Everything to Know About Packard Shuttersgreenspun.com : LUSENET : Large format photography : One Thread
I'm searching for vigorous discussion from anybody who has experience or knowledge about Packard shutters. How to mount them, where to find them, how they operate, the functions they provide.
-- Bruce Gavin (email@example.com), June 26, 2000
-- sheldon hambrick (firstname.lastname@example.org), June 26, 2000.
If you search the archives, you can learn quite a bit about these wonders.
I don't have the URL handy, but Hub photo sells them new. The large ones are 80 bucks or so, the smaller ones quite a bit less. I think.
You typically mount them behind the lens. Get the bulb from Hub photo; regular cheapo air releases will work but not very well and you will screw up exposures.
You can get them with flash sync and also with an "instantaneous" setting which some people claim they can adjust by how hard they squeeze the bulb. I've been able to get this to work in theory (meaning when I'm not actually making an exposure) but in practice I always screw up an exposure I try it on. If you just give the thing the whole blast though it is fairly consistent, about a 1/50th or so depending on the size of the shutter.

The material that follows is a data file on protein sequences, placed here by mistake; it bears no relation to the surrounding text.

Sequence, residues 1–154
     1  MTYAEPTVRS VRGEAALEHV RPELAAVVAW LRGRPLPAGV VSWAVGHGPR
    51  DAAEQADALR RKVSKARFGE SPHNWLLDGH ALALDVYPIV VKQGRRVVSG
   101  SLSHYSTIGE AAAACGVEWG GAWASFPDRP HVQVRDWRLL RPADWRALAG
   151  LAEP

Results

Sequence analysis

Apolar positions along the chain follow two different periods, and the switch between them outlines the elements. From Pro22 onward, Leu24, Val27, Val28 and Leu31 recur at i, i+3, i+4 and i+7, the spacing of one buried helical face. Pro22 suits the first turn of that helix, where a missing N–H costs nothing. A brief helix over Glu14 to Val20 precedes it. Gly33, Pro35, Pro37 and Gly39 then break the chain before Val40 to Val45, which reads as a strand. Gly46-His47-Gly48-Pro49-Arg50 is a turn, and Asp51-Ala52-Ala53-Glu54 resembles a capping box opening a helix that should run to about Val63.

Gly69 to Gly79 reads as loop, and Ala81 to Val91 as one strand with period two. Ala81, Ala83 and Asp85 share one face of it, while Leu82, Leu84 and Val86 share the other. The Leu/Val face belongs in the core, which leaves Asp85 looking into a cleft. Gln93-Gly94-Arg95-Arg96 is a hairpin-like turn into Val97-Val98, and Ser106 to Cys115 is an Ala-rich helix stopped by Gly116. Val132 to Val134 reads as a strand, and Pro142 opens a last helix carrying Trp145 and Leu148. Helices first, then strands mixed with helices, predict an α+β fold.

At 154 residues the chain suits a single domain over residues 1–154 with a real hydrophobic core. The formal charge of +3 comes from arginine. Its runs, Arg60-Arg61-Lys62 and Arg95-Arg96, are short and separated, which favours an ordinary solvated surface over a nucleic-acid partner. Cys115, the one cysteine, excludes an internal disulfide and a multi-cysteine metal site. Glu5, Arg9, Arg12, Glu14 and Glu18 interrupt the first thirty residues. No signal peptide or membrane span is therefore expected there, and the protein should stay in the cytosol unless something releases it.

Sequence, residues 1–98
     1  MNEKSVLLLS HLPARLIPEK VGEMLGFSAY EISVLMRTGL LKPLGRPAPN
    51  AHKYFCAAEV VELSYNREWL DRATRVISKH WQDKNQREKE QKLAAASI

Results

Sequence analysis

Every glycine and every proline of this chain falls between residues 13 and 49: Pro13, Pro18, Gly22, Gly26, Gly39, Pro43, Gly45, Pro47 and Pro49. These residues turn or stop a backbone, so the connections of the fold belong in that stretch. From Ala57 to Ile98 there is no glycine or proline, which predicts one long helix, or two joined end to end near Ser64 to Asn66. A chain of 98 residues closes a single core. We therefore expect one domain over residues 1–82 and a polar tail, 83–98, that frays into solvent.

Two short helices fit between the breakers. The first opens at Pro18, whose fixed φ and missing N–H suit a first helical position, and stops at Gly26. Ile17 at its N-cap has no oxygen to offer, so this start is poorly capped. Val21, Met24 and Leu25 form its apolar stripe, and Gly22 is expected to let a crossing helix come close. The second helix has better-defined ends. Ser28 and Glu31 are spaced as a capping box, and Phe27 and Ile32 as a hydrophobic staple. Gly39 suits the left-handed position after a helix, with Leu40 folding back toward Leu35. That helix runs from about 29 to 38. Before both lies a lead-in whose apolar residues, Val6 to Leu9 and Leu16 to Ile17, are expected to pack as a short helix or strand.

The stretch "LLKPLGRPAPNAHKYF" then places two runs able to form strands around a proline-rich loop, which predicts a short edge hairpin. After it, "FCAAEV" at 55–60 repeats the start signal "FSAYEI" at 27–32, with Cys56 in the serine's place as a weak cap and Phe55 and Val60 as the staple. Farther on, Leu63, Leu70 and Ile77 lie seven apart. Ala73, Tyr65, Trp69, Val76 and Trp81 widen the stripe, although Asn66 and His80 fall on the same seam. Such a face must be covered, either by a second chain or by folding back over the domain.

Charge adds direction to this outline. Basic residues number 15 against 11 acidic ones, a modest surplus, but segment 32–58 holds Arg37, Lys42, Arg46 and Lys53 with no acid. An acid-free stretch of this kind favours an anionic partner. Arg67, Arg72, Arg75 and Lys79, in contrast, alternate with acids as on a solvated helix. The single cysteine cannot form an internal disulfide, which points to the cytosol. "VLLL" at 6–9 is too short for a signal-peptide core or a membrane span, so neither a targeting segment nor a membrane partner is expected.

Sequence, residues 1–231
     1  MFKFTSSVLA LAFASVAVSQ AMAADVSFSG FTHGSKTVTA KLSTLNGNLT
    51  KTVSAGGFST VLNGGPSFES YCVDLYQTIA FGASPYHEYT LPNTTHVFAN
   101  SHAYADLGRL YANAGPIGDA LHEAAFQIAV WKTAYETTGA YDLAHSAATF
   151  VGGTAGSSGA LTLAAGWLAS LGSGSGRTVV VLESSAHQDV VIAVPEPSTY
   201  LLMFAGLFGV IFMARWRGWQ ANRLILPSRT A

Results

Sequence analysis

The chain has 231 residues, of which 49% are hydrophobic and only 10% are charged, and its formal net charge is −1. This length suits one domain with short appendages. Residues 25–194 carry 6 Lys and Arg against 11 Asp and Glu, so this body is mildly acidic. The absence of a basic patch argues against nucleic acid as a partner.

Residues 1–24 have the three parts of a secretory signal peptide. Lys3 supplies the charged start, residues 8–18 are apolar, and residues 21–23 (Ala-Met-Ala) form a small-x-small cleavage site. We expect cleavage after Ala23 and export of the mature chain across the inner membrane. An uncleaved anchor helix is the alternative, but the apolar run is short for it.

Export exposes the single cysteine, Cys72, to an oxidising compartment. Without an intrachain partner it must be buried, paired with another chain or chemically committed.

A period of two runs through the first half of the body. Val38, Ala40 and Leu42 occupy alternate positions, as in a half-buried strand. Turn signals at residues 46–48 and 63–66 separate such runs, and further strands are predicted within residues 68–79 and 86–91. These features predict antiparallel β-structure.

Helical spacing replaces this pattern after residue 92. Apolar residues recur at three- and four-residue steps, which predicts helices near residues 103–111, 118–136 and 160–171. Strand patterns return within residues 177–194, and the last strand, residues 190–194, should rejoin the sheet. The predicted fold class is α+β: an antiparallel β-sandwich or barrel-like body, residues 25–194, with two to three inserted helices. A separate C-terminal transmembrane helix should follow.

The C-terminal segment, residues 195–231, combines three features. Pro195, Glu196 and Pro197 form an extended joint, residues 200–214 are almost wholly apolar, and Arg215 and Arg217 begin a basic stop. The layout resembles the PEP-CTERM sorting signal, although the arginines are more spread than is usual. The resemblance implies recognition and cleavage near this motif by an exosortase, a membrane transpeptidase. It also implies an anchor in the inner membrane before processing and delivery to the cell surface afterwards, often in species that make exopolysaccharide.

Remember that the size of the shutter is significantly larger than the size of the hole. Also remember you may have to mount the shutter well behind the lens board to get it to clear the lens.
I am mounting one on the front of a lensboard now because it is so large I can't get the hose out the camera. It is a very wide angle protar and so I am recessing the lens almost an inch, so the shutter clears the front of the lens and does not vignette. Typically you run the house out the lensboard; you can also drill a hole in your front standard or run it through the bellows. This is why packards work so well on 8x10 cameras (big lens boards) and so poorly on 4x5 cameras.
They are really best used with long exposures that you time with a watch. I don't trust myself with anything shorter than 1/5 second and even that is tricky. You really do need the bulb that Hub Photo sells to use these things properly.
I mounted one permanently in my old camera, an Eastman 8x10. That was very nice because because it was an enormous shutter that just barely fit in the back of the standard. Hose went out the bellows. But now I have a deardorff and there isn't so much room on the front standard.
I can't think of much else to add. They come with the mounting hardware and if you make long exposures with cheap barrel lenses, they are an excellent deal. But let me tell you: when you eventually get a lens with a real shutter on it, you can't believe how much easier it is.
-- Erik Ryberg (email@example.com), June 26, 2000.
I see Mr. Hambric got the URL in there while I was busy composing.
-- Erik Ryberg (firstname.lastname@example.org), June 26, 2000.